Lead (Pb)Contact: Air Quality Related Issues: Robert Irvine, 517-284-6749Agency: Environment, Great Lakes, and Energy
The most common sources of lead emissions are gasoline additives, non-ferrous smelting plants, and battery manufacturing. Historically, lead was added to gasoline as an additive to prevent engine knocking. The lead content of gasoline began to be controlled in the 1970s when legislation was introduced to gradually reduce lead levels. Currently, smelters and battery plants are the major sources of lead nationwide. Human exposure to lead can occur through ingestion or inhalation. The nervous system is most sensitive to the effects of lead and high exposures to lead can result in behavioral and learning disorders. Lead also may be a factor in high blood pressure and heart disease.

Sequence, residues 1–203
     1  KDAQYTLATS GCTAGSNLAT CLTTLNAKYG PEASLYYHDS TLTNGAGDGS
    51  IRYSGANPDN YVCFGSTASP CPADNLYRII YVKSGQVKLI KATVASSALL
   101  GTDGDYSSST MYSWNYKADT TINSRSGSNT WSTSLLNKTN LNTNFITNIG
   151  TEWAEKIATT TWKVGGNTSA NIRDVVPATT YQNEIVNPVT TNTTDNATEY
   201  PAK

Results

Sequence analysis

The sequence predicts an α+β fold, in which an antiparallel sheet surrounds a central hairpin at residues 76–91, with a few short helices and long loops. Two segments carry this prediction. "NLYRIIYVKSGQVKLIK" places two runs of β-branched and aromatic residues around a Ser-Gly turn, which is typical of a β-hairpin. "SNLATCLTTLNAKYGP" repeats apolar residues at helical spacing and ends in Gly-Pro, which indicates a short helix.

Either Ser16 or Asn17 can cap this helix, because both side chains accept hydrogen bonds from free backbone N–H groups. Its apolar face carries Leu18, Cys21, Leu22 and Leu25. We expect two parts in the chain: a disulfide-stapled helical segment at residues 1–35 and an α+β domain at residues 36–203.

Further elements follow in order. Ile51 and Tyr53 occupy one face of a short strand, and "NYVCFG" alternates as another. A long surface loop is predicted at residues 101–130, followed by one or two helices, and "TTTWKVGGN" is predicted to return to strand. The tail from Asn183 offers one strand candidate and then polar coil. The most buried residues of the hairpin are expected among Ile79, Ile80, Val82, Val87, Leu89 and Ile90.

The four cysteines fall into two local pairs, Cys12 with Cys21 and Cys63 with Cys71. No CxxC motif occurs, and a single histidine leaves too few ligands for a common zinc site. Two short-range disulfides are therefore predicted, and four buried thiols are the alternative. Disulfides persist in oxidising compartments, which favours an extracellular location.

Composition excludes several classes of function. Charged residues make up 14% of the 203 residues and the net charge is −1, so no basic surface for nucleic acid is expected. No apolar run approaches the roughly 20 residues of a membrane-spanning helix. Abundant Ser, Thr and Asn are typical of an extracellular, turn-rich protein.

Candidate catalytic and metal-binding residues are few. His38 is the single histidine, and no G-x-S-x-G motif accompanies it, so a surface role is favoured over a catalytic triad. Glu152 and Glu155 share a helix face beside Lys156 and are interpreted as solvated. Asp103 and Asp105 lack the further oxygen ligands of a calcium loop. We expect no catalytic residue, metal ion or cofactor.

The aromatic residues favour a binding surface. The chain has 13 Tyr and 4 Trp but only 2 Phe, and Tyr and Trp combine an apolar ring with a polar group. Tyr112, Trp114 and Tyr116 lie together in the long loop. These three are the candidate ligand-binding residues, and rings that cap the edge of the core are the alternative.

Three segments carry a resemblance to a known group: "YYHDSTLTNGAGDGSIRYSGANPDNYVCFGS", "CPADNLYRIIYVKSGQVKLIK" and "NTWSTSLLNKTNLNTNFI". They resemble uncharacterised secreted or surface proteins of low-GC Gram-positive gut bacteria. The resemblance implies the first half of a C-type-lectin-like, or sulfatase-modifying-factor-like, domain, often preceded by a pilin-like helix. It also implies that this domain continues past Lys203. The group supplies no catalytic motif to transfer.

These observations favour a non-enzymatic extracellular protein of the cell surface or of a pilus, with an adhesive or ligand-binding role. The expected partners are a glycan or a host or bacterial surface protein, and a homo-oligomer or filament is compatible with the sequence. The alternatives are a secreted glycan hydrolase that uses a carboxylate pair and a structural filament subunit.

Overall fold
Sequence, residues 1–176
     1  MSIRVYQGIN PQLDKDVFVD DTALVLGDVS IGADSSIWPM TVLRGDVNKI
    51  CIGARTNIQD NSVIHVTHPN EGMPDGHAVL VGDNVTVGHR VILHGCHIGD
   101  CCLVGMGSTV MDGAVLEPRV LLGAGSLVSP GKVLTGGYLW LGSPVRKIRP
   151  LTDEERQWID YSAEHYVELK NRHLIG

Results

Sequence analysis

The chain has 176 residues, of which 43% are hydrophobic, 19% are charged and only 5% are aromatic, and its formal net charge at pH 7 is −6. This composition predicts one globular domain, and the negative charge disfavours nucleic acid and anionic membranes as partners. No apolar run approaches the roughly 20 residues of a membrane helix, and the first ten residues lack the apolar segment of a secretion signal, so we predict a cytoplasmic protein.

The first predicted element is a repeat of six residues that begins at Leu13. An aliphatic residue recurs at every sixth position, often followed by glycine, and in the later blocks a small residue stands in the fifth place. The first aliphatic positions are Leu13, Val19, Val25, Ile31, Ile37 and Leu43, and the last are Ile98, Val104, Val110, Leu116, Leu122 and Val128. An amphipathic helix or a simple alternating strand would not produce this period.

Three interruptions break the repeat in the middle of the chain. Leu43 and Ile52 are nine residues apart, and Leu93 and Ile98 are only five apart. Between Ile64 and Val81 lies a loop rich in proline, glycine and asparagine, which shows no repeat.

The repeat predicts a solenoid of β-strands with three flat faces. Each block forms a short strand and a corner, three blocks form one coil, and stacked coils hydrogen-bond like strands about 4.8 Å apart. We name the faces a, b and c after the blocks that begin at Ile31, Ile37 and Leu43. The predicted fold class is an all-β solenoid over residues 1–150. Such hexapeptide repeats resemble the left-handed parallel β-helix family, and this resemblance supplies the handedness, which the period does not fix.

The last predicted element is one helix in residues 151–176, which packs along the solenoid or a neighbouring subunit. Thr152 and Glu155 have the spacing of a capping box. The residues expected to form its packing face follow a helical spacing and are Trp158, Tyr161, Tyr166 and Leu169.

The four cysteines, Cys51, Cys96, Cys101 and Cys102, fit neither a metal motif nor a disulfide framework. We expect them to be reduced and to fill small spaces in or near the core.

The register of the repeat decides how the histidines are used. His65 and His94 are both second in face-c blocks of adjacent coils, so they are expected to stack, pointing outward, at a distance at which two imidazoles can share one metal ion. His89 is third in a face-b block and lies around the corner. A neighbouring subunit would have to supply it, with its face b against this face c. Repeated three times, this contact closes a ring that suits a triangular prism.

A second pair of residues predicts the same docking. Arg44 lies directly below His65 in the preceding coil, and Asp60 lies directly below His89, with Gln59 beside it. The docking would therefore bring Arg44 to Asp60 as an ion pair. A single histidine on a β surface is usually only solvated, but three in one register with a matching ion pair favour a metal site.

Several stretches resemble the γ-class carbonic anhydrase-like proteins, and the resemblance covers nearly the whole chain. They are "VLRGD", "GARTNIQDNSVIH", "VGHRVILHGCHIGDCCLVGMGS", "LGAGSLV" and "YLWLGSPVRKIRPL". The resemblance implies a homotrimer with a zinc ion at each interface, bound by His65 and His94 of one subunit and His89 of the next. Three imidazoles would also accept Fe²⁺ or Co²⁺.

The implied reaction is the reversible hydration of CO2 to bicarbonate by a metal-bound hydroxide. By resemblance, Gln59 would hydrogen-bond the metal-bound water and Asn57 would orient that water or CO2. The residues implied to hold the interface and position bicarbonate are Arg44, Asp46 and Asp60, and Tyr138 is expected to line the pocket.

Concentrations of lead in the air decreased steadily in the 1980s after the removal of lead from gasoline. On October 15, 2008, USEPA revised the national ambient air quality Standards (NAAQS) from 1.5 micrograms per cubic meter (µg/m3) to 0.15 µg/m3. On November 22, 2011, the USEPA designated all areas of Michigan as unclassifiable/attainment for the 2008 lead NAAQS, with the exception of a part of the City of Belding. This area was designated attainment on May 31, 2017.
- Michigan's NAAQS (Lead) Attainment Map
- USEPA's Basic Information about Lead and Air Pollution
- Lead Regulatory Actions by USEPA
- Local Health Departments: Find your county health department to contact with questions about lead in your home.
- Lead in Gardening Resources